The advowson of the vicarage descended with the manor estate. In the 14th century, during the war with France, the Crown made the presentations, (fn. 25) and during the late 16th century and the 17th most presentations were made by assignees of the patrons: Anthony Bourchier presented in 1550, Alexander Dobyns in 1564, William Winter of Coleford, brother of the lord of the manor, in 1617, John Hanbury in 1627, and Thomas Foley, presumably the eldest son of the lord of the manor, in 1691. (fn. 26) In the 1870s the Onslow family conveyed the advowson to St Catherine's college, Cambridge, (fn. 27) which sold it in 1921 or 1922 to A.E. Lark. (fn. 28) Lark (fl. 1939) (fn. 29) devised it to C.J.K. Burrell, rector of Newent 1925–49. He devised it to Trinity college, Dublin, and the college conveyed it in 1962 to the bishop of Gloucester. (fn. 30)

RELIGIOUS LIFE IN THE MIDDLE AGES AND THE SIXTEENTH CENTURY

The priory established by Cormeilles abbey at Newent by the early 13th century and dissolved c.1382 was apparently a very small community, mainly occupied with the administration of Newent manor and the abbey's other possessions in England. There is no record of a church or chapel among its buildings and probably the prior and monks worshipped in the parish church close to their quarters. (fn. 31) It was probably the abbey or priory which founded within the church a chantry of St Mary, recorded from the mid 13th century when a Newent tenant gave 2s. rent to support the chaplain and provide lights in the chapel; (fn. 32) the priory was later its patron. (fn. 33) The lady chapel, housing the chantry, was rebuilt wholly or partly in 1361, (fn. 34) probably by the efforts of lay parishioners rather than the priory, which then held the manor and its revenues as a farmer under the Crown. The nature of the chantry's endowments, which at its dissolution in 1548 comprised 13 houses dispersed throughout the town (fn. 35) and scattered lands in other parts of the parish, (fn. 36) suggests that most were acquired piecemeal from different parishioners; In 1510 a townsman devised the reversion of a house to it. (fn. 37)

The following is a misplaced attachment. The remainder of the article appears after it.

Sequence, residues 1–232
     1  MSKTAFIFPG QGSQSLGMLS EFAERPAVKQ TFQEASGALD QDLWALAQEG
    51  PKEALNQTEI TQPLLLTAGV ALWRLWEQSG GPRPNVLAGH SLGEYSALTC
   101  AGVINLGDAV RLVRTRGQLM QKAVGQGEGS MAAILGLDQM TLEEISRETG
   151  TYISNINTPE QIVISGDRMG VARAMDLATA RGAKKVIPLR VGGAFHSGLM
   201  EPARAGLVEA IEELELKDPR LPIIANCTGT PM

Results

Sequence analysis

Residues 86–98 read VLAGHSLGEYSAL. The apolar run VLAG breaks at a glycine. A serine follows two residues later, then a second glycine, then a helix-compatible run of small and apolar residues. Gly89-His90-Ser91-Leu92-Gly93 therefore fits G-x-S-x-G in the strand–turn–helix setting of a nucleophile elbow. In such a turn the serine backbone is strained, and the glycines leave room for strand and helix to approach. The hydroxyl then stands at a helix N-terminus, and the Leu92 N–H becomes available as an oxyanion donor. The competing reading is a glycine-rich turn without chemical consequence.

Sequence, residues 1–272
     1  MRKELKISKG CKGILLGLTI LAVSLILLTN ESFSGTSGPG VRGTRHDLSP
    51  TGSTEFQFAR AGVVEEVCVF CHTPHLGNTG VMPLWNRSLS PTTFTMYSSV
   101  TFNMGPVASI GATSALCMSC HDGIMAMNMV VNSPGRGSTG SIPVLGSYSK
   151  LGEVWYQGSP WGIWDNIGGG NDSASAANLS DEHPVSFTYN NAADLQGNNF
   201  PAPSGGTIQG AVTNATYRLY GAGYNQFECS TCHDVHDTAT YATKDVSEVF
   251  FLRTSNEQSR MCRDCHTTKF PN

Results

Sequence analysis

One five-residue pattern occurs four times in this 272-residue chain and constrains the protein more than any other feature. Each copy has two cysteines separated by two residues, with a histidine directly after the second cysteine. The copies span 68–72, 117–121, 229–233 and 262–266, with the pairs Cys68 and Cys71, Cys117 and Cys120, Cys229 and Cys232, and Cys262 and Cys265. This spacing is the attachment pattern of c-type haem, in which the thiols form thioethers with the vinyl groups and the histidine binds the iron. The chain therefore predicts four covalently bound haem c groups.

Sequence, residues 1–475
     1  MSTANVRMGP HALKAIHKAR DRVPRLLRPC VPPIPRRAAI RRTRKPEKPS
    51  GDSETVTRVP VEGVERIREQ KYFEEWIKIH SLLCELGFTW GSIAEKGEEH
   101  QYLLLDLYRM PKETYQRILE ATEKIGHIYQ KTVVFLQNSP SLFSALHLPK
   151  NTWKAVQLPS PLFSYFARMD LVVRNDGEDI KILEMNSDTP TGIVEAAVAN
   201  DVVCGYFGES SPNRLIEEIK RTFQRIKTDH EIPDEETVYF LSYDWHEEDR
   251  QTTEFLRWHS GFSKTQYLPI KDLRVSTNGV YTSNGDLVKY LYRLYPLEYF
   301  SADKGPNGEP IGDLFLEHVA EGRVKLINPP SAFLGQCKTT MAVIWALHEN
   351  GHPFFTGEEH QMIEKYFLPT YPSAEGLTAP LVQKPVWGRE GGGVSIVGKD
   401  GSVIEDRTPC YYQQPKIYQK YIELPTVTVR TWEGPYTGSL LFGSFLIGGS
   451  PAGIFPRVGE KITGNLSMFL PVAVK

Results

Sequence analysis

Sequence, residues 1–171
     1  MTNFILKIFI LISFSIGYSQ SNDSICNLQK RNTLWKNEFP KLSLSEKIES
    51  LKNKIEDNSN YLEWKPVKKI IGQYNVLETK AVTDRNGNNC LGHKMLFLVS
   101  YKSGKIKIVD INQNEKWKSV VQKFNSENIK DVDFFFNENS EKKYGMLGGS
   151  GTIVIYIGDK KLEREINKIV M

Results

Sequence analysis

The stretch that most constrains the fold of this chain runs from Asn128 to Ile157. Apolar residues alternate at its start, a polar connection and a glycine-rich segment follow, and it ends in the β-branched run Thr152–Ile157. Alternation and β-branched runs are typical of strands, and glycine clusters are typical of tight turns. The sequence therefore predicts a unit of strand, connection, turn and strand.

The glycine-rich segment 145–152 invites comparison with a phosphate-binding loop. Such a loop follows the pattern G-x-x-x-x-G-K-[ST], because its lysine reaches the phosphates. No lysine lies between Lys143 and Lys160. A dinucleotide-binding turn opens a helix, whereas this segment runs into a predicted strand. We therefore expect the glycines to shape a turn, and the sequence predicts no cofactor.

In the late Middle Ages the donations of parishioners established and maintained a second chantry, dedicated to SS James and Anne and housed in a chapel standing in the churchyard. (fn. 38) It was stated, in the course of a 16th-century lawsuit, that it had been constituted by a deed of 1447 or 1448. (fn. 39) In 1484 it was said to have been founded for the benefit of the souls of John Marcle, Walter Marcle, and others, (fn. 40) and later John Hooke and another were credited as founders. (fn. 41) Evidently, as with St Mary's chantry, the endowments of the founders were supplemented by later gifts; at the time of its dissolution the chantry owned nine houses in the town and lands scattered through the parish, including small farms at Stardens and Hayes. (fn. 42) The chantry priest was presented by Llanthony priory, Gloucester, in 1484, (fn. 43) but in 1538 the right of patronage belonged to St Bartholomew's hospital in the same town. (fn. 44) At the dissolution of chantries its lands were valued at £10 6s. 8d. a year and those of St Mary's chantry at £9 7s. 3d. (fn. 45) Most of their lands were sold to various dealers between 1549 and 1554, (fn. 46) though the Crown retained some of them until 1570 or later. (fn. 47)

A chapel mentioned in 1181, and apparently attached to Boulsdon, (fn. 48) may have been that dedicated to St Helen which the vicar of Newent was licensed to use as an oratory in 1404. (fn. 49) By later accounts a chapel, dedicated to St Helen or St Hilary and demolished in Henry III's reign, stood in Kilcot and served both that tithing and Boulsdon. (fn. 50) Its site was perhaps on ground later called Chapel meadow by the parish boundary to the north-west of the Kilcot inn. (fn. 51) In the 1340s the lord of Boulsdon and a landowner at Okle were licensed to have private oratories in their houses. (fn. 52)

Medieval vicars of Newent included Hugh of Martley, named from a Worcestershire manor owned by Cormeilles abbey. (fn. 53) In 1311 he was licensed to travel to Rome on the business of his church. (fn. 54) Two or more men surnamed Hooke, presumably of the family that owned Crooke's farm in the part of Pauntley parish adjoining Newent, held the vicarage in the late Middle Ages. Robert Hooke was instituted in 1393 (fn. 55) and John Hooke, his successor in 1434, (fn. 56) was possibly the same who occurs as vicar in 1459 and 1482. (fn. 57) William Porter, who held the vicarage by 1515 and to his death in 1524, (fn. 58) had numerous other ecclesiastical preferments, including the precentorship of Hereford cathedral. A native of Newent, (fn. 59) he was apparently the brother of the local landowner Roger Porter. (fn. 60)